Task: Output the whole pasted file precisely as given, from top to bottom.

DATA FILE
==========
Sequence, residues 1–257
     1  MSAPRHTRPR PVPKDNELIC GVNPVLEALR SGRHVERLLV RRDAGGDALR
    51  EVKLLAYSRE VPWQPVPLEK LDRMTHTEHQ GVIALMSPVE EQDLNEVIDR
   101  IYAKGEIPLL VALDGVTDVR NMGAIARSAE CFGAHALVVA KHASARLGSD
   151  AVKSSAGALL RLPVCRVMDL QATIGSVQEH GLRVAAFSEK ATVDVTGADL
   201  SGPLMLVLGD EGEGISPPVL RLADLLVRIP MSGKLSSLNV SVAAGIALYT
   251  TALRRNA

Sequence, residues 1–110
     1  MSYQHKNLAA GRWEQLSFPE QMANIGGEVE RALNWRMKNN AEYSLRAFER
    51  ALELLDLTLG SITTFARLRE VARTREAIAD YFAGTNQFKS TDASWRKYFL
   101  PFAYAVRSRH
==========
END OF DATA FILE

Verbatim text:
Sequence, residues 1–257
     1  MSAPRHTRPR PVPKDNELIC GVNPVLEALR SGRHVERLLV RRDAGGDALR
    51  EVKLLAYSRE VPWQPVPLEK LDRMTHTEHQ GVIALMSPVE EQDLNEVIDR
   101  IYAKGEIPLL VALDGVTDVR NMGAIARSAE CFGAHALVVA KHASARLGSD
   151  AVKSSAGALL RLPVCRVMDL QATIGSVQEH GLRVAAFSEK ATVDVTGADL
   201  SGPLMLVLGD EGEGISPPVL RLADLLVRIP MSGKLSSLNV SVAAGIALYT
   251  TALRRNA

Sequence, residues 1–110
     1  MSYQHKNLAA GRWEQLSFPE QMANIGGEVE RALNWRMKNN AEYSLRAFER
    51  ALELLDLTLG SITTFARLRE VARTREAIAD YFAGTNQFKS TDASWRKYFL
   101  PFAYAVRSRH